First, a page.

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Craig Dylke answering the question above this time around. Though my answer seemed simple in my head, it has proven rather complex and difficult to capture in writing. This is just the introduction of a much larger essay I have been working on for 2 weeks now. I may or may not finish the rest depending on how people respond to my slightly controversial view of Palaeo-art.
My definition of Palaeo-art is:
It is any piece of work created through human effort that causes viewers to reconnect with (or more to the point re imagine) the prehistoric past.
Okay, easy enough, right? Any piece of art that invokes prehistory in people's imagination. In principle this is a simple enough premise. It is when the philosophy and semantics of this all come to bear I'm left with a rather interesting definition of Palaeo-art.
The biggest problem with my view of Palaeo-art is that it rests on 1. Prehistory and 2. more to the point people's understanding and connection with this "Prehistory" concept. None of us has ever seen it or been there before. This lack of tangibility with deep time becomes the fundamental issue in defining Palaeo-art.
From a pure knowledge point of view our understanding of prehistory comes from the scientific method. Which begs the question how important is science to Palaeo-art?
Science is an important part of the equation in Palaeo-art, but the extent of this science doesn't have to go as deep as many would hope, I suspect wish. The science is more of an artistic "flavour", and need only be added so much that the subject matter of a piece (the organisms) be recognizable as being "prehistoric" in nature. There is as much a cultural component to Palaeo-art as there is science.
For example all the above images are instantly recognizable as both being Dinosaurs, and thus being of something "Prehistoric". However the majority of us here on this site know this isn't true, at least in reality (aka scientific terms). They are images that loosely draw on elements of real Dinosaurs, and thus conjure an association. In the realm of science they'd be torn to shreds, and look nothing like their flesh and blood name sakes would have in life.
Yet can we discount this cultural power when considering Palaeo-art? If anyone can tell you these pictures are of animals from a long time ago, how does this make these pictures any more or less valuable than scientifically accurate pieces by the likes of Gregory Paul or Charles Knight? If anything some modern scientific understandings of prehistoric animals are almost too alien for the public to accept (feathered Dinosaurs being an example that jumps to mind).
You could argue that my above prehistorically "inaccurate" pieces invoke a fantasy prehistory rather than anything resembling the real past, and thus they are not prehistoric renderings at all. However I'd be careful before making such an argument. It is a trap... for you!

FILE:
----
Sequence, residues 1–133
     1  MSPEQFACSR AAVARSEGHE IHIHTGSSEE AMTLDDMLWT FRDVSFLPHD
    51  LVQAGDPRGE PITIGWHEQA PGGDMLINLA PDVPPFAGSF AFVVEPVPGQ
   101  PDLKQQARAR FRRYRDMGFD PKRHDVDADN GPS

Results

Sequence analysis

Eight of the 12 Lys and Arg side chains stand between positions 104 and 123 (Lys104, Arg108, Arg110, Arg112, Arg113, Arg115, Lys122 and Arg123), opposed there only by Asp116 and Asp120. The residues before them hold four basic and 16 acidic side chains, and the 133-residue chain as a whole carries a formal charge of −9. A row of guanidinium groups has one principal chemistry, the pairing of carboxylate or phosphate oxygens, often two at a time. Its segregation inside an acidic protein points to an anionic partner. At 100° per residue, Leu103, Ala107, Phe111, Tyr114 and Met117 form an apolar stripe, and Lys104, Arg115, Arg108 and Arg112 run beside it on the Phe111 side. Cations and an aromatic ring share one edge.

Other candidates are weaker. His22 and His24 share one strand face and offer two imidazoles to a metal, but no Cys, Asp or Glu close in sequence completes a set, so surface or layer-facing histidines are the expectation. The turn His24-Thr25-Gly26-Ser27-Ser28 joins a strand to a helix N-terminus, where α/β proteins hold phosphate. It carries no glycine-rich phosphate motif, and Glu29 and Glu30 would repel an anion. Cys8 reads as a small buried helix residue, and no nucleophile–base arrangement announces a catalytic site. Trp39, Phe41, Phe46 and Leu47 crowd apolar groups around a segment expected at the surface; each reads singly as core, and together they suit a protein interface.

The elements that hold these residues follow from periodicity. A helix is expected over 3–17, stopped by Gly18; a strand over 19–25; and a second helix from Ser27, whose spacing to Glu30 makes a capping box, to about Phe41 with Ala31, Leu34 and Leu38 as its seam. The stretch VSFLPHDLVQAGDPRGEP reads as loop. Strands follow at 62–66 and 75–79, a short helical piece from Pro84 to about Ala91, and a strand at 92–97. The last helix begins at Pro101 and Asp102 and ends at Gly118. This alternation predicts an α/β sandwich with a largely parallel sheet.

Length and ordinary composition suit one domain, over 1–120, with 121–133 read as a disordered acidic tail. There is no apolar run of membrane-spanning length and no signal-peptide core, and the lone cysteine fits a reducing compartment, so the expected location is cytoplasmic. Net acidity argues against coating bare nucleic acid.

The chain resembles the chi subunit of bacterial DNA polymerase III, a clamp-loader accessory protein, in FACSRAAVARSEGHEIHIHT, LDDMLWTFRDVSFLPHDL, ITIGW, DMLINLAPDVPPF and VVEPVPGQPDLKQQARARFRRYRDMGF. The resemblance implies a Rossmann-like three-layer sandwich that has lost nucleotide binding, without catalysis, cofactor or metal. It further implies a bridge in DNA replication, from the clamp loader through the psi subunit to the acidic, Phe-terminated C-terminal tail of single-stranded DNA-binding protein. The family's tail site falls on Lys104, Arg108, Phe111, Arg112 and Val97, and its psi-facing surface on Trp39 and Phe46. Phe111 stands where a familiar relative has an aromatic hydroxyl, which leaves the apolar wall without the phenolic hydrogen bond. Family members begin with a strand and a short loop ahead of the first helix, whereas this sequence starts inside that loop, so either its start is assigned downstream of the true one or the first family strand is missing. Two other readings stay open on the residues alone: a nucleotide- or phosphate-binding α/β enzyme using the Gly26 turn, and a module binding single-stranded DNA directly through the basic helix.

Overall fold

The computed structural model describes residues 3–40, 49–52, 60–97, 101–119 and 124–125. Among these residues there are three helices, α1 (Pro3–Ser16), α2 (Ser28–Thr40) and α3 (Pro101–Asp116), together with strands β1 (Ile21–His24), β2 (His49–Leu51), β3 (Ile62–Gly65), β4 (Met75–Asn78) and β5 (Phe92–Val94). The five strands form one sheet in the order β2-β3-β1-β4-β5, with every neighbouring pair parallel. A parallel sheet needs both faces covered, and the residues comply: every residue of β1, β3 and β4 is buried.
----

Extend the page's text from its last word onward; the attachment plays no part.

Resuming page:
I've noticed many people would like to have something about Palaeo-art being work that adheres to absolute science. This is probably what is going to differentiate my definition from many. I argue, on pretty solid grounds, you can not have a "perfect scientific restoration" of any extinct fossil creature at all, and so to define Palaeo-art as requiring such accuracy is paradoxical.
There are too many unknown variables with the creatures and times solely known from the fossil record. These unknowns must than be filled in by human imagination, which is the realm of art not science. At the same time these leaps of imagination can be completely tempered by science. However it is important to keep in mind this is not the same as having science fill in these holes!
This creativity is not just restricted to artworks, it finds its way into every step of palaeontology. Right from the time fossils are discovered, dug up, described, and finally conjured in art (painted, sculpted, etc.) there has been a lot of human creativity applied to interpreting the fossils through out these processes. This is part of what makes palaeontology so much fun, but also what makes it frustrating.
Yet I don't think we should despair in face of all this. Rather I think we should rejoice! Part of what makes Palaeo-art so much fun and so rewarding is that you can connect people with the MANY real chunks of science by filling in the unknown gaps with your own imagination. Your art becomes the closest thing we have to a time machine, and I think that is just awesome!
This concludes my general definition. It was just my thesis for a much larger essay. I go into the various genres of Palaeo-art I feel exist (Fossil Preparation, Skeletal Reassembly, Scientific Reconstructions, Pop Culture, and Abstract/Symbolism). I also address the problems with science as a pure basis for Palaeo-art. If any of these interest you, just let me know, and I'll finish them up and post them!
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